Trademark Culture: Can Intellectual Property Law be Used to Thwart Cultural Appropriation in Fashion?
By: Melody Godbolt
From Katy Perry to Beyoncé, plenty of celebrities have been accused of cultural appropriation in one form or another. Instances of cultural appropriation or cultural misappropriation, defined as “the unacknowledged or inappropriate adoption of the customs, practices, ideas, etc. of one people or society by members of another and typically more dominant people or society,” have garnered criticism and scrutiny due to the nature of the appropriated culture being exploited financially without any form of just compensation. Instances of cultural appropriation are often a topic of discussion in the fashion realm, where popular designers are often “inspired” by Indigenous and various other cultures and their designs, which are then incorporated into their fashion lines and paraded across runways around the world. Many cultures or communities look to intellectual property law to remedy what they perceive to be misappropriation of their culture. Unfortunately, the inspiring culture is often left without monetary compensation or a valid legal remedy due to the inherent premise of intellectual property law to protect the rights of original works without stifling the continued development of new, original works.
The issue has sparked many debates and efforts toward legal reform, with many scholars and reform advocates looking to trademark law, rather than the common, more complex use of copyright law, as an area of intellectual property law that is ripe for reducing cultural appropriation in fashion. This idea is articulated in a BBC article entitled, When Does Cultural Borrowing Turn Into Cultural Appropriation? The article discusses a South African designer, Thabo Makhetha, who uses traditional blankets from her hometown of Lesotha, to design what has come to be known as Besotha blankets, which are named after the people of Lesotha. Ms. Makhetha began incorporating the blanket designs into her own fashion line, which she transformed into everyday outfits that could be worn at corporate, formal, and family events. Popular, French luxury brand, Louis Vuitton, was also inspired by the Basotho pattern, ultimately releasing a “Basotha Plaid” menswear collection in 2017. Although the expensive designs sold out quickly in South Africa, critics viewed the collection as merely a copy of cultural Lesotha designs.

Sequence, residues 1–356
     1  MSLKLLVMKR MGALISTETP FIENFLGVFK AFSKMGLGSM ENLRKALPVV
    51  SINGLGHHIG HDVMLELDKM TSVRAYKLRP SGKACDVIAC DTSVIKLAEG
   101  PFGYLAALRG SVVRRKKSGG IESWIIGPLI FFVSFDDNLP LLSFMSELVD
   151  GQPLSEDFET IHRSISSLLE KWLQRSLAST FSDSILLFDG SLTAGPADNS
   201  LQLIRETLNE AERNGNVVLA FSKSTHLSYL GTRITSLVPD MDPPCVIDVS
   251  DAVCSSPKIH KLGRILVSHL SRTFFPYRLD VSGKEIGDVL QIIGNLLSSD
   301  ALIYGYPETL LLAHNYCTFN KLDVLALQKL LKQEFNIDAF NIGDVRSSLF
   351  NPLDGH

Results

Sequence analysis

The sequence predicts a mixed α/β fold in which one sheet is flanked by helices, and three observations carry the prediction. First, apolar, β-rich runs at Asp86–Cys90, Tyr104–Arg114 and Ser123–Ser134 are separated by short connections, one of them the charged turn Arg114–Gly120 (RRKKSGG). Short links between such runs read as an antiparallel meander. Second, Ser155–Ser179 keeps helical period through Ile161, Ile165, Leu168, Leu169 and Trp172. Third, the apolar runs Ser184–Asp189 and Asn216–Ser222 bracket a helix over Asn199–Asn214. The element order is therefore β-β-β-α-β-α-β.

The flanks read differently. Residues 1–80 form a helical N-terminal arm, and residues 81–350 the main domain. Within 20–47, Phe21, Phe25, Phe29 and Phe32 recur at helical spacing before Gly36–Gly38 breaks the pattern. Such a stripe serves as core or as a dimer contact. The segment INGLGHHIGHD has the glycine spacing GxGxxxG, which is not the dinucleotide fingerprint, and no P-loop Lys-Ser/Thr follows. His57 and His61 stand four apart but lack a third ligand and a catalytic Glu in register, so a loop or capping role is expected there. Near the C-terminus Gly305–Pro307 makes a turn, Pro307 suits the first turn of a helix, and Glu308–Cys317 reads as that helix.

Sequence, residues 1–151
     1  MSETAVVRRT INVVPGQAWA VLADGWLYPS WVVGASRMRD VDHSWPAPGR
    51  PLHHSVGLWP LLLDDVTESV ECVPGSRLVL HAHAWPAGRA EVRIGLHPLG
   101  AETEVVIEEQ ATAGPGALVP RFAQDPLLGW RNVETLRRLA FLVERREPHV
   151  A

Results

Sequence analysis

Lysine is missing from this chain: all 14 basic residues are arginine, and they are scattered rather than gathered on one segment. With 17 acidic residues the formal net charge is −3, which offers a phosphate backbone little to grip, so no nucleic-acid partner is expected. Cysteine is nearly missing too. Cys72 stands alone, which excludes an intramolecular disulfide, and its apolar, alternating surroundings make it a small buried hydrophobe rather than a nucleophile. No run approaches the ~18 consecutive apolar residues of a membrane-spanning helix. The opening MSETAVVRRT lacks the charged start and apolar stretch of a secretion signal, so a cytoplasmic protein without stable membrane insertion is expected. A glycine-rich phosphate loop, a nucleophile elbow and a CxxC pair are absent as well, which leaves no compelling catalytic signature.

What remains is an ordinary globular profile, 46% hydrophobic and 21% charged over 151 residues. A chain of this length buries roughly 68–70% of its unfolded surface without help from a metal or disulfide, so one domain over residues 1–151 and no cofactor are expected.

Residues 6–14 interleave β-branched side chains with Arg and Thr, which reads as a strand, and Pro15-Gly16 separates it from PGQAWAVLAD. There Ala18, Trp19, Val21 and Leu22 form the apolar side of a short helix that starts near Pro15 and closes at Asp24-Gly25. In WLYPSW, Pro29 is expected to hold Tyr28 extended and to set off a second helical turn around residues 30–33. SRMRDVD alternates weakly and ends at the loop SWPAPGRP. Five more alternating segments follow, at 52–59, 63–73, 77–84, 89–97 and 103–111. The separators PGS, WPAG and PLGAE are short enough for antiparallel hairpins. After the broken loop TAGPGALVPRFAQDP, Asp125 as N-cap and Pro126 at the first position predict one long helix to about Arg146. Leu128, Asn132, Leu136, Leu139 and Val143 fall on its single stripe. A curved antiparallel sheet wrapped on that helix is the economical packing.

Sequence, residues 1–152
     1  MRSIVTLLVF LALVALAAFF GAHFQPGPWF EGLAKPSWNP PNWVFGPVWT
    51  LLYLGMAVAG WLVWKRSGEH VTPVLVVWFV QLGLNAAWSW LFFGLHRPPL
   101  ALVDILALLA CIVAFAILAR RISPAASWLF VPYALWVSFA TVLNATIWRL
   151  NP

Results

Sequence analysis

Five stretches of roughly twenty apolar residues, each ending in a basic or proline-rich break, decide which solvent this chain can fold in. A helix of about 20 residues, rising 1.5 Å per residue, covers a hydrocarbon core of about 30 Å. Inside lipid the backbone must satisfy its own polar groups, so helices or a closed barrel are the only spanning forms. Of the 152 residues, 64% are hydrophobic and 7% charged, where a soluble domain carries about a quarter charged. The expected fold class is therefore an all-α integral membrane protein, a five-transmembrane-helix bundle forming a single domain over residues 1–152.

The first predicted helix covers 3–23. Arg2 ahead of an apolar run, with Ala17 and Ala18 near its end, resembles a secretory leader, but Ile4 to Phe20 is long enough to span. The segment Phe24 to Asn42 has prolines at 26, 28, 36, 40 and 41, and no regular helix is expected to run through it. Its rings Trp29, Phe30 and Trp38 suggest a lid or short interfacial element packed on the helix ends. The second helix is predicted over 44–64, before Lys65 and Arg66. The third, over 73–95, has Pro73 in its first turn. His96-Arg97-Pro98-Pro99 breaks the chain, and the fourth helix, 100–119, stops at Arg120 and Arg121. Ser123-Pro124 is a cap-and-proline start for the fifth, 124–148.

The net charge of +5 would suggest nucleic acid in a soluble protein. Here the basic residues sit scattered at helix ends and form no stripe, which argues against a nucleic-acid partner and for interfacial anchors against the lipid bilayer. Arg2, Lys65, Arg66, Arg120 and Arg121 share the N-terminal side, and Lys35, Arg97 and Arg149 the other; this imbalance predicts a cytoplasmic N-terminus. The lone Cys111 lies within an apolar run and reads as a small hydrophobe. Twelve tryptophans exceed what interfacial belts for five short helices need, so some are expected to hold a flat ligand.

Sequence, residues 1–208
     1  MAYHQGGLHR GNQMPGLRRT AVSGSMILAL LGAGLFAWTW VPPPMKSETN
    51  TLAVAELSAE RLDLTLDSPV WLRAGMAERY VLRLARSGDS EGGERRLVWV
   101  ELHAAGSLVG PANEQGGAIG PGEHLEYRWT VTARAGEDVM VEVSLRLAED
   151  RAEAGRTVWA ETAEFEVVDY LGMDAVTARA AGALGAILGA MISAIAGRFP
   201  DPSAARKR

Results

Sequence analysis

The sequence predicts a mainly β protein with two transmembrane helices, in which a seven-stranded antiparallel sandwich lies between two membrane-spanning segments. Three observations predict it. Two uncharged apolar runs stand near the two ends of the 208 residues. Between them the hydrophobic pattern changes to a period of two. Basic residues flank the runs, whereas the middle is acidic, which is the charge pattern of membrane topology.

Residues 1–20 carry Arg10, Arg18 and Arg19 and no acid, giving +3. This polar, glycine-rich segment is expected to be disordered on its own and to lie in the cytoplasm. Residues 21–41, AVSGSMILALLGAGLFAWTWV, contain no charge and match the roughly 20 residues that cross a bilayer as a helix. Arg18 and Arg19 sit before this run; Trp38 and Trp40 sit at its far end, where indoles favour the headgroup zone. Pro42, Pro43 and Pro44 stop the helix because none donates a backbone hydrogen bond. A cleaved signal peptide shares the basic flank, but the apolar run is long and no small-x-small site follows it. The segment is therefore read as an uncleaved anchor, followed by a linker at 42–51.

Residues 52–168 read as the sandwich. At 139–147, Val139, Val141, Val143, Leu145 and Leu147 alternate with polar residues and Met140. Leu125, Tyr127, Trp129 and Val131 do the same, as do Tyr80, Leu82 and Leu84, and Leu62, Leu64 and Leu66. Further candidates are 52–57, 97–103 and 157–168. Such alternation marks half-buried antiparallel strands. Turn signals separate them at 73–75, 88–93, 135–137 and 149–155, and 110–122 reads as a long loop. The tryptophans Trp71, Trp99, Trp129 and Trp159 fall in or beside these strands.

The issue of major brands being accused of appropriation is not a novel issue. However, the use of trademark law to assist in protecting traditional cultural expressions has found a more recent push. Registering a mark has many advantages to cultural groups such as, the registration serving as prima facie evidence of the mark’s validity and the mark owner’s ownership and exclusive right to use the registered mark, entitlement to nationwide priority in use, and registration may be used to stop the introduction of infringing goods into the United States. Despite the advantages of trademark law, critics cite various issues that would arise by allowing culturally significant products to be trademarked. For one, some opponents believe that the inherent nature of trademark law to protect owners of original works when they are in commerce or intended to be used in commerce would water down the authenticity and sacredness of the culture being trademarked. Additionally, identifying an “owner” of a culturally significant product could also lead to potential issues – 1) how do you identify what belongs to a given culture and then 2) how do you choose an owner when applying for a trademark registration that represents a culture?
The debate regarding protecting cultures and the methods used to do so are becoming more and more prevalent in intellectual property law. Indigenous people have been rallying for better protections for years; however, as recent as 2017, Indigenous advocates of the United Nation’s World Intellectual Property Organization initiated meetings with the United Nations as an effort to make cultural appropriation of their intellectual property illegal. With this continued push to protect culturally significant IP, many questions arise, such as: 1) is intellectual property law, particularly trademark law, currently able to assist in curbing instances of cultural appropriation and 2) if Indigenous people are able to make cultural appropriation against them illegal, what will that mean for other cultures of people looking to protect themselves, as well? These questions currently remain unanswered; however, in the quest to curb the cultural appropriation of cultures in fashion, is intellectual property law well equipped to deal with these social justice issues? Only time will tell.
 Oxford Dictionaries, https://en.oxforddictionaries.com/definition/cultural_appropriation (last visited Oct. 3, 5:30 PM) (defining “cultural appropriation”).
 See generally Tania Phipps Rufus, Companies accused of exploiting cultural identity of Kenya's Maasai, The Guardian (Aug. 8, 2013, 5:08 PM) (discussing the continuous exploitation of the Massai people by popular fashion designers and how the Massai people have not been justly compensated for the use of their traditional patterns), https://www.theguardian.com/sustainable-business/ethical-exploit-cultural-brands-masai; Nicky Woolf, Urban Outfitters Settles With Navajo Nation After Illegally Using Tribe's Name, The Guardian (Nov. 18, 2016, 5:22 PM) (discussing Urban Outfitter’s use of the “Navajo” trademark, which they argued was a generic mark. The case ultimately settled), https://www.theguardian.com/us-news/2016/nov/18/urban-outfitters-navajo-nation-settlement.